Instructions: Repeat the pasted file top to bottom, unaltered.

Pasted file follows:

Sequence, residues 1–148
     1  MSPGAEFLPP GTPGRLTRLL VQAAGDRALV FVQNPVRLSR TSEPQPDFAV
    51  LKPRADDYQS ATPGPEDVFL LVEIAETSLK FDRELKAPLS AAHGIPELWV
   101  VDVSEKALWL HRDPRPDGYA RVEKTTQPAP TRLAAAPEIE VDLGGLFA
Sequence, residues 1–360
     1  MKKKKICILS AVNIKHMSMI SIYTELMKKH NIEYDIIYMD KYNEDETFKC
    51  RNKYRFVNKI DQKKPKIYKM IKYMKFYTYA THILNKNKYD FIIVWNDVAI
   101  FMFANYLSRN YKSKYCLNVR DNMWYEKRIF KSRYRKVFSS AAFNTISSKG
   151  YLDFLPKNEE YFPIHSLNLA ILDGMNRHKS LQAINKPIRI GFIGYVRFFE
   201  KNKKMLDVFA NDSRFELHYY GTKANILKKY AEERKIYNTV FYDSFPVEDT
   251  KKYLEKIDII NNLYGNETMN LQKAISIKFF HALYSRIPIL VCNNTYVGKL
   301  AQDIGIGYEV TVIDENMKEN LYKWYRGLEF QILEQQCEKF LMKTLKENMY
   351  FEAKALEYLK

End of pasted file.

Sequence, residues 1–148
     1  MSPGAEFLPP GTPGRLTRLL VQAAGDRALV FVQNPVRLSR TSEPQPDFAV
    51  LKPRADDYQS ATPGPEDVFL LVEIAETSLK FDRELKAPLS AAHGIPELWV
   101  VDVSEKALWL HRDPRPDGYA RVEKTTQPAP TRLAAAPEIE VDLGGLFA
Sequence, residues 1–360
     1  MKKKKICILS AVNIKHMSMI SIYTELMKKH NIEYDIIYMD KYNEDETFKC
    51  RNKYRFVNKI DQKKPKIYKM IKYMKFYTYA THILNKNKYD FIIVWNDVAI
   101  FMFANYLSRN YKSKYCLNVR DNMWYEKRIF KSRYRKVFSS AAFNTISSKG
   151  YLDFLPKNEE YFPIHSLNLA ILDGMNRHKS LQAINKPIRI GFIGYVRFFE
   201  KNKKMLDVFA NDSRFELHYY GTKANILKKY AEERKIYNTV FYDSFPVEDT
   251  KKYLEKIDII NNLYGNETMN LQKAISIKFF HALYSRIPIL VCNNTYVGKL
   301  AQDIGIGYEV TVIDENMKEN LYKWYRGLEF QILEQQCEKF LMKTLKENMY
   351  FEAKALEYLK